So many of us are in this weird period where we don’t feel focused because of all that’s going on, and we feel funny promoting, but it’s scary thinking about not knowing when we’ll be making money again. Having a plan for gentle ways to stick with the program, whether that’s virtual work, or pivoting, or just riding it out with low-pressure marketing, is going to help us all feel in control. Step #2, with continuing education, is probably the best tip for me — because learning calms and centers me.

    Thanks for sharing this!

    • Avatar Janet Barclay on March 24, 2020 at 12:33 pm

      I was glad to find this in my archives, since it is really on point right now for most of us. It’s important to know what calms and centers you so you can do more of it. I took one of my clients to task yesterday because she’s going all out to support others during this crisis, working crazy hours and all, but she told me that it helps her if she has something to focus on.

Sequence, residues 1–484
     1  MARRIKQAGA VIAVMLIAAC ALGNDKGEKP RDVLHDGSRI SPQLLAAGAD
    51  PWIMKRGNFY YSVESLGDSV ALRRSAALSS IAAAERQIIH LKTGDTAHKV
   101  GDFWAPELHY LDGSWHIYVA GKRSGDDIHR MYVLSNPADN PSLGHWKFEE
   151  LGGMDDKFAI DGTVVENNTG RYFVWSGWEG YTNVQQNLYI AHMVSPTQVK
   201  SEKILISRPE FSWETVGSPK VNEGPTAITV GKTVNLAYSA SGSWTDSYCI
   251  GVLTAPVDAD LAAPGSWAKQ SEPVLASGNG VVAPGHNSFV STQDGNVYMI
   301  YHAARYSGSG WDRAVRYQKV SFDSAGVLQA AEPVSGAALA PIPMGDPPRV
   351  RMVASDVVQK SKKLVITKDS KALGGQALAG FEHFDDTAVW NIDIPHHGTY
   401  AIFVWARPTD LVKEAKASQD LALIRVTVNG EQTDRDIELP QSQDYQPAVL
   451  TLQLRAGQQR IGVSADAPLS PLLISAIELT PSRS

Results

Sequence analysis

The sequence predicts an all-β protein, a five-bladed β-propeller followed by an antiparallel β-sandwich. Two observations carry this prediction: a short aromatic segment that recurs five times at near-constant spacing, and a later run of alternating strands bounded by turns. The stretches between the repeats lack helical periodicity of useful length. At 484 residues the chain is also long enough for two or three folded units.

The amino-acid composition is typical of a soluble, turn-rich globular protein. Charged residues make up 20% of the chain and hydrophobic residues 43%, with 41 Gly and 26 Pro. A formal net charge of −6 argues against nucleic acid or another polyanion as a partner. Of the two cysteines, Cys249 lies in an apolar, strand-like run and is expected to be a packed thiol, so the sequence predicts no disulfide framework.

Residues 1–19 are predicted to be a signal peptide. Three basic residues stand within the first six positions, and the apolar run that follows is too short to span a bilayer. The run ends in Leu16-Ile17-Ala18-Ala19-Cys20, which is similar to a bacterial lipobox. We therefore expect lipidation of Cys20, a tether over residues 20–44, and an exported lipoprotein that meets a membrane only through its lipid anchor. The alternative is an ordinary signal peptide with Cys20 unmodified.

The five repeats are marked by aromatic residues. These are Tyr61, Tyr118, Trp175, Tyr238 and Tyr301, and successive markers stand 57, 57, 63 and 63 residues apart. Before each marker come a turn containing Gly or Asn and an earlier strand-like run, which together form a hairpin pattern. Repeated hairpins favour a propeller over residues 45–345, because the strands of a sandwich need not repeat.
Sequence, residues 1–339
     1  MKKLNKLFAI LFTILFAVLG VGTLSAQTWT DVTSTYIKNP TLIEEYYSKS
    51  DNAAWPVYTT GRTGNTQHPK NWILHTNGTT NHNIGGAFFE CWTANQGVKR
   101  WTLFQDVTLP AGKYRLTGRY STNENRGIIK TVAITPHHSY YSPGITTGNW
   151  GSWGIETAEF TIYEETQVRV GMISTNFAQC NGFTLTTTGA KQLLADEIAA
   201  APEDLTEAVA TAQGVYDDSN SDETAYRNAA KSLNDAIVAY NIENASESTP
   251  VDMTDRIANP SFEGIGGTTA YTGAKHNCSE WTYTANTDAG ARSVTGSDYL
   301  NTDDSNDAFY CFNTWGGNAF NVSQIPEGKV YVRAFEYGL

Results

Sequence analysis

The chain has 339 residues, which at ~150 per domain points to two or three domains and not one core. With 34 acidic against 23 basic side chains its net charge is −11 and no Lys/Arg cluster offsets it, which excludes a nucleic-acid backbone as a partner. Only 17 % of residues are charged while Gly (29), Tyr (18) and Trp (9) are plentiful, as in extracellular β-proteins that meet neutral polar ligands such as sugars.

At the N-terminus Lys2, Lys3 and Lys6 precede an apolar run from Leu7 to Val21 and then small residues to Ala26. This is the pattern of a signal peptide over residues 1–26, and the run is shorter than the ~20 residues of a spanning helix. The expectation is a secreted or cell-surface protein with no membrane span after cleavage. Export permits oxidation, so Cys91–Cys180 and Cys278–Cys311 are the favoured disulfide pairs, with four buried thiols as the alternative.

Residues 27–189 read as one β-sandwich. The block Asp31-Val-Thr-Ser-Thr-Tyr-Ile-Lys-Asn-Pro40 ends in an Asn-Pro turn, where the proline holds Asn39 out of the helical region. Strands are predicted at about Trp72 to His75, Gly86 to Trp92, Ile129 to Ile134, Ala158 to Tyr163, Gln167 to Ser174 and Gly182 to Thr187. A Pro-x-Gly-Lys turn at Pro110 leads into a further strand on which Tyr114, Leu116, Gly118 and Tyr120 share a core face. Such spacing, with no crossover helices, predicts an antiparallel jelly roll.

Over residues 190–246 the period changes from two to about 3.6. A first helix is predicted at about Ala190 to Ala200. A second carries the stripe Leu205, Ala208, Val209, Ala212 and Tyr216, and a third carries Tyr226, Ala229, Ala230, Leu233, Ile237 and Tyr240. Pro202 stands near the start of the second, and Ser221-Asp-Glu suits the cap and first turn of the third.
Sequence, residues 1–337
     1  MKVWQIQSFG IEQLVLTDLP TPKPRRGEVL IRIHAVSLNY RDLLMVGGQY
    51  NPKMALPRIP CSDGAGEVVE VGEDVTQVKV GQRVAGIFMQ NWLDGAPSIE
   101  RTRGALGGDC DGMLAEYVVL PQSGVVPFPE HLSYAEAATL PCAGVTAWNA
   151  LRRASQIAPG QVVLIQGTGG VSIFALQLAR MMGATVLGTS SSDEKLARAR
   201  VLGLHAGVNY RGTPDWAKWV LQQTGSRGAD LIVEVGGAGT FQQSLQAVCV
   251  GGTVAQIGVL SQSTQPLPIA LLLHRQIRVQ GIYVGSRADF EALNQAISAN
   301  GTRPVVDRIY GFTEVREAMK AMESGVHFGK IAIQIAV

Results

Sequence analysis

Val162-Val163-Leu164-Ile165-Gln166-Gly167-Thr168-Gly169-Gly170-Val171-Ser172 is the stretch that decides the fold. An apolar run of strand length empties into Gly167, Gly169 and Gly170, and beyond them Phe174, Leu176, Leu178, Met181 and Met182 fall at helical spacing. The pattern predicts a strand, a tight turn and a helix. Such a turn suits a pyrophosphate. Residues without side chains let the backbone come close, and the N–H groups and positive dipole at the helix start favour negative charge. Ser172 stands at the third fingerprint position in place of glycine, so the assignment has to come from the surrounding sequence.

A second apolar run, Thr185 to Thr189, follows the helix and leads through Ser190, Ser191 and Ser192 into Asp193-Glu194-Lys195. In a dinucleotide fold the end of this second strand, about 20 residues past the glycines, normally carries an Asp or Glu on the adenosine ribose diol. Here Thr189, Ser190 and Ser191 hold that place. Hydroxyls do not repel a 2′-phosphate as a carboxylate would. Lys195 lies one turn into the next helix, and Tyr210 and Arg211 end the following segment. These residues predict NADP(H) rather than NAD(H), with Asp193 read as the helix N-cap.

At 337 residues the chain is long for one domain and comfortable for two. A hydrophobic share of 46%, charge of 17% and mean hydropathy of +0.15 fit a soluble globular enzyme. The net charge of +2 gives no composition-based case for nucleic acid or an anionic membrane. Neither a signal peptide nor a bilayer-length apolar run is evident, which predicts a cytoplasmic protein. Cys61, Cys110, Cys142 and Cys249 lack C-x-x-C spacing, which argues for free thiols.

7. Deb Lee Deb Lee on March 23, 2020 at 8:17 pm

    This is a great post to save and look back on, Janet. I especially love #2. It’s a great way to put my brain to work and stay focused on something positive.

    • Avatar Janet Barclay on March 24, 2020 at 12:36 pm

      It seems there are even more learning opportunities than ever right now too. So many organizations are offering free online courses that would normally be paid and/or in person! I’m toying with the idea of signing up for WordCamp San Antonio this weekend!

  8. Avatar Nancy Haworth on March 24, 2020 at 6:28 pm

    Thank you for sharing this during the Coronavirus crisis. With most people stuck at home, your tips provide great ways to stay productive.

    • Avatar Janet Barclay on March 25, 2020 at 12:27 pm

      You’re welcome, Nancy. I figure everyone has a project or two on the back burner, so what better time to revisit them?

  9. Avatar Ronni Eisenberg on March 25, 2020 at 11:19 pm

    You shared lots of helpful suggestions for those who feel stuck. I’m finding this time ideal for reflection, a necessary element of growth.

    • Avatar Janet Barclay on March 26, 2020 at 12:24 pm

      I’m glad you are able to do that and hope you get some great insights. Some folks are finding it hard to focus, which makes it even harder to cope.